Religious schools in Texas, where coronavirus rates have been spiking for weeks, do not have to follow any coronavirus-related health restrictions that local governments may impose on educational institutions because, the state’s attorney general said, it could impede the free exercise of religion.

In a July 17 letter, Texas Attorney General Ken Paxton said that it would be unconstitutional to force religious schools to follow recommendations of health authorities about reopening schools during the pandemic, and he said they may decide for themselves “when it is safe for their communities to resume in-person instruction free from any government mandate or interference.”

“Religious private schools therefore need not comply with local public health orders to the contrary,” he wrote.

Texas in recent weeks has experienced a big spike in coronavirus cases, and many hospitals in the state are running out of space for intensive care patients, as well as ventilators, drugs and some personal protective equipment.

Texas officials had told school districts they had to open for in-person instruction for the 2020-21 school year, but the Texas Education Agency has backed off that demand, providing flexibility that will allow for remote education for up to eight weeks for most students. Houston, the largest district in the state, has announced that it will start the new school year remotely on Sept. 8.

Remote education will last until at least Oct. 19, although that could change depending on coronavirus rates in the community and guidance from health officials.

According to Paxton’s letter, religious schools can do what they want. He wrote:

The Governor of Texas rightfully identified access to “religious services” as essential services, which must remain open even when other aspects of our communities must close to mitigate the spread of the virus. …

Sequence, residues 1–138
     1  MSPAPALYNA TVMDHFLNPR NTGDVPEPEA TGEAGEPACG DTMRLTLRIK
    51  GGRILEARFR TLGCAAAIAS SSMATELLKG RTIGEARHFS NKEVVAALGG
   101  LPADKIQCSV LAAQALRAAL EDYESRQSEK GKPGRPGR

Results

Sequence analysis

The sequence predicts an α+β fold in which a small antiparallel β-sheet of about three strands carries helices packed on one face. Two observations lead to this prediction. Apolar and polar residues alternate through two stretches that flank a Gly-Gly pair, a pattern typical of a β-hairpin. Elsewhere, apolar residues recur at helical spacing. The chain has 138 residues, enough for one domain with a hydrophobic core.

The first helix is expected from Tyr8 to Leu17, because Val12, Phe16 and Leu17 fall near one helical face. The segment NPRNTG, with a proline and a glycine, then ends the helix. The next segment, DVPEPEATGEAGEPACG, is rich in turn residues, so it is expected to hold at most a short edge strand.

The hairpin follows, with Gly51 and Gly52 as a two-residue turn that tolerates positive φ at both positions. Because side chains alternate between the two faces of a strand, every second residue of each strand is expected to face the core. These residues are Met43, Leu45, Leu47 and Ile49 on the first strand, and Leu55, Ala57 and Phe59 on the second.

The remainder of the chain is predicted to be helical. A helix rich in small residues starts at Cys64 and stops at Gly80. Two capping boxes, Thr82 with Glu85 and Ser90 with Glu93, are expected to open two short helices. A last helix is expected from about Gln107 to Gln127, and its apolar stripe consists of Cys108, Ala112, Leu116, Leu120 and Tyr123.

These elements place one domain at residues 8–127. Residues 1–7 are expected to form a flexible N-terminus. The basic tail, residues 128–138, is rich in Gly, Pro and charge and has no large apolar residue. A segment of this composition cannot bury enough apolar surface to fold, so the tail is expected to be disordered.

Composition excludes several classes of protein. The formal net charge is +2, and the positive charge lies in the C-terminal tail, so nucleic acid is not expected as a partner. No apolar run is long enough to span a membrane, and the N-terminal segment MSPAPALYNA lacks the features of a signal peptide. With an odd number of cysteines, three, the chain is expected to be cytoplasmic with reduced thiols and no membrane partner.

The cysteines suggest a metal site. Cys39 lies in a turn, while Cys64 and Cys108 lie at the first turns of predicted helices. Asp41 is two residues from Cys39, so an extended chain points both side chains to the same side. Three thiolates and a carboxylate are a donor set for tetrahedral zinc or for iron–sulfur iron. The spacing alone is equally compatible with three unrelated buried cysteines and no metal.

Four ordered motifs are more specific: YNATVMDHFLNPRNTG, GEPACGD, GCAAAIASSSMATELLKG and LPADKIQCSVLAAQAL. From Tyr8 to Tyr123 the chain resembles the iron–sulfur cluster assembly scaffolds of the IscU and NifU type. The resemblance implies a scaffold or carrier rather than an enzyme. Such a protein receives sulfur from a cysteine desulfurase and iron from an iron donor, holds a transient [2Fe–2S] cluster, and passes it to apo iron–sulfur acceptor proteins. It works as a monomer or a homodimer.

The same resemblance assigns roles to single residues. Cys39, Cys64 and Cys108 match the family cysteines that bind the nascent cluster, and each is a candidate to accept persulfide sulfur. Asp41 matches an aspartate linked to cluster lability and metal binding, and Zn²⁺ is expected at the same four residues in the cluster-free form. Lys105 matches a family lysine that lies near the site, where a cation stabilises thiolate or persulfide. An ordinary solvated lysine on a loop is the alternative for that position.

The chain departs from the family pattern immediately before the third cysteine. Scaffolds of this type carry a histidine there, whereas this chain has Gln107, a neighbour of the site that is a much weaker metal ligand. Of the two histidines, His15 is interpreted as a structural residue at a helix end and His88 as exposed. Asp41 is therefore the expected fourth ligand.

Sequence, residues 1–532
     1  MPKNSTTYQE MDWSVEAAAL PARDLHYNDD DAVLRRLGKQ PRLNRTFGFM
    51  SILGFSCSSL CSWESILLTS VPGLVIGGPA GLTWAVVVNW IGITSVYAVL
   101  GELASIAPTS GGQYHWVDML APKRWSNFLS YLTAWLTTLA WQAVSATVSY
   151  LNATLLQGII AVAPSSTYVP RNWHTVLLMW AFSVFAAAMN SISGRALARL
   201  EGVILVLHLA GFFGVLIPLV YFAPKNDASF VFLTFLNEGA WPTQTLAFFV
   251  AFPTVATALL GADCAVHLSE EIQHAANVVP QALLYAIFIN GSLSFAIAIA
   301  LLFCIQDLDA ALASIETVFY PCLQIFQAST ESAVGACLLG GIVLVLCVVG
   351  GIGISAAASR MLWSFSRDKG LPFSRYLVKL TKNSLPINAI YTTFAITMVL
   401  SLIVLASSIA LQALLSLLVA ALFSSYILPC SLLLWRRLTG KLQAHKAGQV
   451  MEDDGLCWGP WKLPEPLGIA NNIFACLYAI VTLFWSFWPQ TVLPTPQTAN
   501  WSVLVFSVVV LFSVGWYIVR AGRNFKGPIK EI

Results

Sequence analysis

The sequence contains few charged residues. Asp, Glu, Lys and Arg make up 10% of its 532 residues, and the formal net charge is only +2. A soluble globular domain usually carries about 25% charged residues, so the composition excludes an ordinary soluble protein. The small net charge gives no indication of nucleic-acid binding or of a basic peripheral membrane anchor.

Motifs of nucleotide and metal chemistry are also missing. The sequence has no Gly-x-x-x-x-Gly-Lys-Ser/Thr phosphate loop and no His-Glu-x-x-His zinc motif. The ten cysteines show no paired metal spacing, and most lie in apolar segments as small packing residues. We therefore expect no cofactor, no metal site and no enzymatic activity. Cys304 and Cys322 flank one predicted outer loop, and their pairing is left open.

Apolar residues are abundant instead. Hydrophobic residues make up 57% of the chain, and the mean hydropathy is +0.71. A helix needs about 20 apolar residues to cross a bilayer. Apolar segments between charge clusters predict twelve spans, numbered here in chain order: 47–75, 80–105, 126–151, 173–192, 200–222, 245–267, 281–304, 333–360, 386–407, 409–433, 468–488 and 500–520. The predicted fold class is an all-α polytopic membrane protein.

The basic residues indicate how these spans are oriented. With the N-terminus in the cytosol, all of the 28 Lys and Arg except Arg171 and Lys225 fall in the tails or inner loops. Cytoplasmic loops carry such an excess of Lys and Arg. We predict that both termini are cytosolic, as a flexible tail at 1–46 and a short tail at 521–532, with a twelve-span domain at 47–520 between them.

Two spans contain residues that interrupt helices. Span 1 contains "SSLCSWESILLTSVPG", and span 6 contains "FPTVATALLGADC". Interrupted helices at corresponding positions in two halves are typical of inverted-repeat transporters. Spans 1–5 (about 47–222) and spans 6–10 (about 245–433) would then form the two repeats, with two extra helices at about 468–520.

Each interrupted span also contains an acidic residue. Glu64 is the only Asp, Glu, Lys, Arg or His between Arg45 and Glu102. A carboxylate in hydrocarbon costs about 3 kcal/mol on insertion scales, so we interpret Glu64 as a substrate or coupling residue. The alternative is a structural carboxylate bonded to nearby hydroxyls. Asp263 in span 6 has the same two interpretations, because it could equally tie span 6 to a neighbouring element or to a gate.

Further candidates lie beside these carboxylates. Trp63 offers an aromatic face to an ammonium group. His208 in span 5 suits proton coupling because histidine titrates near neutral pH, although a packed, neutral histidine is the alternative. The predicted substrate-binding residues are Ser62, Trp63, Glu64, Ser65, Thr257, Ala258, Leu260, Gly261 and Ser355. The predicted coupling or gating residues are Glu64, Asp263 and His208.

Recently, however, local public health officials have begun to issue orders restricting or limiting in-person instruction in private and public schools. This guidance is intended to clarify the application of those local orders to religious private schools and institutions.
Local public health orders issued by cities and counties must be consistent with the Governor’s orders and the Attorney General’s guidance. If local public health orders are inconsistent with these authorities, the local orders must yield.
Under the Governor’s orders, local governments are prohibited from closing religious institutions or dictating mitigation strategies to those institutions. Local governments are similarly prohibited from issuing blanket orders closing religious private schools. Because a local order closing a religious private school or institution is inconsistent with the Governor’s order, any local order is invalid to the extent it purports to do so. Moreover, local public health orders attempting to restrict the provision of religious instruction through religious private schools violate the United States and Texas Constitutions and the Texas Religious Freedom Restoration Act.

Here is Paxton’s full letter: